Be Who You Are, Not What You Do

The things that I do for a living do not make me who I am. I work, primarily, so that I have money to pay my bills. On the one hand, my work is – to some degree – a reflection of who I am and what I value in life. On the other hand, and this is something that I believe we have all learned during the Coronavirus pandemic, is that work (as in a job) is temporal. It is time- sensitive and often limited by the environment in which we live, whether we understand that or not.

I know people who define themselves by the work that they do (or for more superficial reasons such as the benefits of work, i.e., money, prestige, power, material possessions). But what happens when that work dries up or goes away? Who would they be if their day-to-day work duties came to an end through no fault of their own, or through some fault of their own? It is good to take pride in our work, but it is even more important that we learn to define and express ourselves by what is within us, as opposed to what is outside or around us. And, we must know that who we are is not contingent upon what we do for a living, rather who we are is contingent on the beings that we are deep down inside.

There are people who I know in life who define themselves by the work that they do day-to-day on “the job.” Often, those very same people are workaholics, which is, as I have been told, one of the most acceptable yet destructive addictions that a person can have. Because, without that work, they feel meaningless, worthless, and very lost (in a world of so many possibilities). These very same people, who display so much pride and ego about their jobs may easily feel like nothing if and when their jobs come to a complete halt (and so do the things that that work provided). And, this should tell us something about their character, huh? They often lack the ability (or perhaps the courage) to reinvent themselves when life calls on them to create new ways of being and doing; and, unfortunately, that work and those things are what they use to define themselves. It does not have to be that way.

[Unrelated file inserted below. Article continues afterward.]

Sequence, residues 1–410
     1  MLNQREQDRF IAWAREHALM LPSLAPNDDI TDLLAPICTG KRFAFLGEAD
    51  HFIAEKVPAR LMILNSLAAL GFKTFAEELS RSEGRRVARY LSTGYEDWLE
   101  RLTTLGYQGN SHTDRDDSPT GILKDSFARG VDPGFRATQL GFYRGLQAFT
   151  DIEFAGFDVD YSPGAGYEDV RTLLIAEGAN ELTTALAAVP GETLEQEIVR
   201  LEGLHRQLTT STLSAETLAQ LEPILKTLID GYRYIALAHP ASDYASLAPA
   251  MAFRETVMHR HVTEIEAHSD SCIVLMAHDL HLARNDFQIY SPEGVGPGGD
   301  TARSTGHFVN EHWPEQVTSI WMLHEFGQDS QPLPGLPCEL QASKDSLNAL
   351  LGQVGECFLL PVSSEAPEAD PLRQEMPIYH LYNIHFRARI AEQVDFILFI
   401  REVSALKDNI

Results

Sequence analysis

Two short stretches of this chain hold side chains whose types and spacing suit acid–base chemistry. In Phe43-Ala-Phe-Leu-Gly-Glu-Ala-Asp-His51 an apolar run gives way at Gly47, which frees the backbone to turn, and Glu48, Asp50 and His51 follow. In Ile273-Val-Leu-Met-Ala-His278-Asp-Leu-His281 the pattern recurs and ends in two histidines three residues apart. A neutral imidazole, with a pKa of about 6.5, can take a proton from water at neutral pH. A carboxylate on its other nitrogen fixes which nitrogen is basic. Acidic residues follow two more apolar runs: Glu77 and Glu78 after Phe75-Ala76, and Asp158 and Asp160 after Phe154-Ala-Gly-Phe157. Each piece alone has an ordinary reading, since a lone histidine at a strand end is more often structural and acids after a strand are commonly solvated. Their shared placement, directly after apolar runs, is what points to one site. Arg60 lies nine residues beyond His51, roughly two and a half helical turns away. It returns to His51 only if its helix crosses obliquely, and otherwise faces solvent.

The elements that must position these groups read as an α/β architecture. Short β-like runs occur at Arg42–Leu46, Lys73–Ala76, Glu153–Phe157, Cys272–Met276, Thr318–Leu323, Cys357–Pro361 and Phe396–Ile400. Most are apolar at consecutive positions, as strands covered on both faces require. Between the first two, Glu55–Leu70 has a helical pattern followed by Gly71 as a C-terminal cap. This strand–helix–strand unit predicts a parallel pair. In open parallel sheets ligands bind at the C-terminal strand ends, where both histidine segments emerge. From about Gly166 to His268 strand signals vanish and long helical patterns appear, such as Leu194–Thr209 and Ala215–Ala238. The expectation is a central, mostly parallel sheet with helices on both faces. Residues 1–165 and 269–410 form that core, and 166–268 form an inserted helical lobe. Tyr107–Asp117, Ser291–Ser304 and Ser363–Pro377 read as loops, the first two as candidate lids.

In summary, who we are is connected to our character, which is an intangible thing and something that we develop over time, ever since the day that we came into this world. Are you a lover of trees or nature; are you a friend to the broken-hearted or the homeless; are you a fighter for peace and justice, or a natural-born leader? Are you a person who genuinely wants the good or advancement of others? Or, are you only concerned about yourself and your earthly possessions? Do you misuse and abuse others? Is it easier for you to hate than to love? Of course, I know people who do not know who they are; or, they pretend that they are someone who they are not, usually to (cowardly) get what they want. These people do a lot of damage to themselves and to others. Nevertheless, our character will always tell us (and others) who we are: good, bad, or in-between. And, I do know some people who genuinely know who they are. They are in touch with their own sense of self, which can exist on its own, apart from work, others, and the environments in which we live. Our character comes out in word, and most of all, in deed. Yes, the work that we do on a day-to-day basis may be a reflection of our character, or maybe it is not. It all depends on how and why that work is needed. Perhaps the work that we do today for ourselves simply sets the stage for what is to come later, or maybe the work we do today will be for a lifetime. Only you can be the judge and the jury for the place or value that work will take in your life. But, in times of uncertainty, it is always important to remember to be who you are, not what you do.